Your child will build rockets, experience simulated moonwalks and take command of space missions. Located in Huntsville, Alabama, camps range from three to thirteen days in length and you can choose between kids-only or parent/child programs.
Take a bus tour of the zoo, see a night-time animal show, enjoy a campfire sing-along and sleep out at Camp Timbuktu. This one-night program for children and their parents is a good way for families to get acquainted with the concept of learning adventures. Overnight educational programs are available at many zoos, including the Buffalo Zoo and the Brevard Zoo in Florida.
What to Consider When Choosing
- How far away are you willing to let your child go? Most children aren’t ready to go away by themselves until they’re 8 or 9 years old. If you’re not sure what your child can handle, start with a local day camp that includes an overnight trip as part of the activities. If your child is eager for that sleepaway experience, but has never been away by himself, start with camps nearby. As he becomes older and more independent, you can let him venture further away.
- What kind of program is best for your child? Younger children are better suited to general interest summer programs. This is a good time for them to gain experiences not available to them during the school year and to discover new passions. If your child is older, with developed interests, a specialty camp might be the way to go. You’ll want to make sure that the instruction available matches your child’s skill level.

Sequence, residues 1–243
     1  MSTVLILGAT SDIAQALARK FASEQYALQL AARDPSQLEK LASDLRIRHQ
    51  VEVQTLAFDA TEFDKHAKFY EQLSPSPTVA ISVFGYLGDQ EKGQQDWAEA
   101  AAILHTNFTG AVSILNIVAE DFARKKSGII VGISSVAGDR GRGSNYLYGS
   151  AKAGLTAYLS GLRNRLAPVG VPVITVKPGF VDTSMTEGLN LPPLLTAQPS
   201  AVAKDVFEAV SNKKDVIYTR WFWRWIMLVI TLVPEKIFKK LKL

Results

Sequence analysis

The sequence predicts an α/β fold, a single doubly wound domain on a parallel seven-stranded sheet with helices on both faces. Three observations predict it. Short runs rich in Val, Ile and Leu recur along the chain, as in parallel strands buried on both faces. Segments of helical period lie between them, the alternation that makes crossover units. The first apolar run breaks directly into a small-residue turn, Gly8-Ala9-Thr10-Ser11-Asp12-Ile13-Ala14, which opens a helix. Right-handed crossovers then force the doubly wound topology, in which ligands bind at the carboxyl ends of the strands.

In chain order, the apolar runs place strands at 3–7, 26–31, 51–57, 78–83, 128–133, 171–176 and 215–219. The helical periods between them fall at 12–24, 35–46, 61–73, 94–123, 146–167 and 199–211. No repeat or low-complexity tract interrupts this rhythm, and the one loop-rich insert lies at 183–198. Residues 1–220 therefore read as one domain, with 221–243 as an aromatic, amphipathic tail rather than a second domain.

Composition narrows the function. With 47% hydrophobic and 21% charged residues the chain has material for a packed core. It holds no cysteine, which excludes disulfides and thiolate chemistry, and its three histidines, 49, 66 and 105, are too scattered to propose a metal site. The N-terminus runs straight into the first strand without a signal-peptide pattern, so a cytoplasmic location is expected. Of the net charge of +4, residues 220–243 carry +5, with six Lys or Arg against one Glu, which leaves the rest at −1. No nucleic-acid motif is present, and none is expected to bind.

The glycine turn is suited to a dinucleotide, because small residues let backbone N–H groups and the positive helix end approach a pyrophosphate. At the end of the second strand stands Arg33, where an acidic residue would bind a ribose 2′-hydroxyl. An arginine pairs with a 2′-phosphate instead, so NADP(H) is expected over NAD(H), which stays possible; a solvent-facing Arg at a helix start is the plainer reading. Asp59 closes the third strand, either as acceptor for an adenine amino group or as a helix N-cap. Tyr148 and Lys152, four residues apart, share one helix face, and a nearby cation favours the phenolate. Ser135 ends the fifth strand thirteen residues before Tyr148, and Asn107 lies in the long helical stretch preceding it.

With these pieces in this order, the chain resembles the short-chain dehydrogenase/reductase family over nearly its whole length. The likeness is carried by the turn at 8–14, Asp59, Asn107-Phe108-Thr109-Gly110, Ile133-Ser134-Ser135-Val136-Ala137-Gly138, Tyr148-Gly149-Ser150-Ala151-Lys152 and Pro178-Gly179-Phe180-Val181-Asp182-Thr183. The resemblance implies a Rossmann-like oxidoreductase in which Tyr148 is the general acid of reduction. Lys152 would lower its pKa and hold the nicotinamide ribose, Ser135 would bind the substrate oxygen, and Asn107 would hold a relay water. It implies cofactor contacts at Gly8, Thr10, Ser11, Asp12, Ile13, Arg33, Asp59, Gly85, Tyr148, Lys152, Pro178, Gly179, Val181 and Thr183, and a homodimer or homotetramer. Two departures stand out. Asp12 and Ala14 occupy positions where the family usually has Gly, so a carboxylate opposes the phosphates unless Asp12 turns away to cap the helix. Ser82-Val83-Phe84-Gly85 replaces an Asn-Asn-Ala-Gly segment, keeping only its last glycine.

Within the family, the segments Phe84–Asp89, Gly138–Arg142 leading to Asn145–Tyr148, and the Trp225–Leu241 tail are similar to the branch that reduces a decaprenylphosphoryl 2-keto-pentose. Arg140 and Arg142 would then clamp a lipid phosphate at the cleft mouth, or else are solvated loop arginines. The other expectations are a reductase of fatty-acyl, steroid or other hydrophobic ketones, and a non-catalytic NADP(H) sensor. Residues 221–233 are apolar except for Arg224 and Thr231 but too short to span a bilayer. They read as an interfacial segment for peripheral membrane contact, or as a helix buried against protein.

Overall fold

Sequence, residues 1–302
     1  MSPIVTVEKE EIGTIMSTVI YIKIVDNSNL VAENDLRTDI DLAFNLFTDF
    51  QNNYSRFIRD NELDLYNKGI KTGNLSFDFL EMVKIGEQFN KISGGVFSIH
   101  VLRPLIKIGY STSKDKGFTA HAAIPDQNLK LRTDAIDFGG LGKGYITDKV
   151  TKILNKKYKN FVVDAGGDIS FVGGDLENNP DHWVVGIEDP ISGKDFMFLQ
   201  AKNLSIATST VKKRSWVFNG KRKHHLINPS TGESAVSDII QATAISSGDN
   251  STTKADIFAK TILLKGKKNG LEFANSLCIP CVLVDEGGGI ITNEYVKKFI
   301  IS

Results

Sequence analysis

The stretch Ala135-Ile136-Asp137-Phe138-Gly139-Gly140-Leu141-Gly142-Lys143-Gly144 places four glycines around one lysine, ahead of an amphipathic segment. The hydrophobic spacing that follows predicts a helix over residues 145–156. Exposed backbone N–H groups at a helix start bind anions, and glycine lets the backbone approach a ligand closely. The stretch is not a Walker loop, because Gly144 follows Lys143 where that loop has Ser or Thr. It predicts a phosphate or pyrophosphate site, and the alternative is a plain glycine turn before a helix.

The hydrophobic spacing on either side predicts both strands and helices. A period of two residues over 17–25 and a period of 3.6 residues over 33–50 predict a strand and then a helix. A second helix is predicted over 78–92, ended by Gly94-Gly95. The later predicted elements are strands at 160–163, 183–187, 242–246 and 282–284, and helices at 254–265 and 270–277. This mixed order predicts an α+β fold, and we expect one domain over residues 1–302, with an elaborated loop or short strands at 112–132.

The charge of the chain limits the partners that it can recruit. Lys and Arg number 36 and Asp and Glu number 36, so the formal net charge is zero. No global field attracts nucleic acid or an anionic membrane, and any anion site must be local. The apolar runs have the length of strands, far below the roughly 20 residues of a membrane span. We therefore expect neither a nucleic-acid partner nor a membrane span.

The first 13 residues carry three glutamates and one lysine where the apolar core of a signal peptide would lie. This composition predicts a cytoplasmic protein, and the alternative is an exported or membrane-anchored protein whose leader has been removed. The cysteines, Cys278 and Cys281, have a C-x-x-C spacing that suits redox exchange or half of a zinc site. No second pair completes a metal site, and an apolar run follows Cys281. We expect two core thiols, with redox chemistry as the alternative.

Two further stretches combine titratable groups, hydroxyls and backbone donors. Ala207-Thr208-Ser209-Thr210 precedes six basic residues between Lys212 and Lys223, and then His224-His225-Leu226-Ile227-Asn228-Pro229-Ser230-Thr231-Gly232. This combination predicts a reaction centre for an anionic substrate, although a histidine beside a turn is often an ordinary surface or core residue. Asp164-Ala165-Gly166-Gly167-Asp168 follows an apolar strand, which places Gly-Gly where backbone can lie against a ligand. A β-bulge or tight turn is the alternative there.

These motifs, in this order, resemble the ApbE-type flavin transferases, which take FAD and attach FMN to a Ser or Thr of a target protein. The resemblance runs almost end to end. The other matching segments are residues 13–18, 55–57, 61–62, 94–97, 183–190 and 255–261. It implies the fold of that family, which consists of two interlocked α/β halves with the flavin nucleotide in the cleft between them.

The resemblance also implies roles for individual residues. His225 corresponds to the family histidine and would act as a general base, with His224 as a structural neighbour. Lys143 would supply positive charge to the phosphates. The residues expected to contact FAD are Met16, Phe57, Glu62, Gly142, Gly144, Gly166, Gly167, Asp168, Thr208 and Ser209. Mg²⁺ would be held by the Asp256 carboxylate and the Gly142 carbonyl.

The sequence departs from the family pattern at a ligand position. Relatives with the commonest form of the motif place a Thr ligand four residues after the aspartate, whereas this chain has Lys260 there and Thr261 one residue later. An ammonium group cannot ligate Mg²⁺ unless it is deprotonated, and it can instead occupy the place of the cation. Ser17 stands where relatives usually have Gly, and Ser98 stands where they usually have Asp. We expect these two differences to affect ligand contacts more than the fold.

- How much are you willing to pay? Some of these programs are expensive. When calculating costs, be sure to factor in what you would pay for food and childcare if your child stayed home. The actual cost of a summer program is really the difference between what it costs for your child to stay home and the out-of-pocket cost of the program. If it still seems too expensive for your family, be sure to ask about financial aid or scholarships.
Timing Can Be Critical
Al Whitaker of Space Camp recommends that families plan six months in advance. “That’s because some of the programs, like the robotics track or the aviation track, fill up just a few days after they’re offered,” he says. “Also, that way, if your child is flying in, you’ll get a better rate if you make those reservations in advance.”
According to Julianne Baker, an instructor at Yellowstone for Families, they’re already taking reservations for next year. But, don’t give up if you need a fun adventure for this summer. Baker advises, “You just never know if there’ll be cancellations. Or perhaps there’s room for three people and you have a family of three and you just happen to call at the right time. We always have little spots here and there. We also have private tours that a family might be interested in. Say you come to Yellowstone and you have one day and you would like to make up your own itinerary, but you’d like a guide and to learn about what it is you’re seeing. You could schedule your own private tour with us.”
For more ideas for great summer learning programs, check out the following Web sites:
- KidsCamp.com has a comprehensive directory of camps, teen tours, day camps and adventure programs that pay to be listed on the site.
- Teen Ink.com, a Web site for the monthly print magazine Teen Ink, has a comprehensive listing of summer programs for teens.
- The American Camp Association Web site is for camp professionals, but has a parent center with a camp locator and lots of valuable information for parents. The ACA accredits both day and sleepaway camps, and its site lets you search by type of camp and your child’s age.
- The National Camp Association, which only lists sleepaway camps, also accredits camps and features a useful Camp Recommendation guide.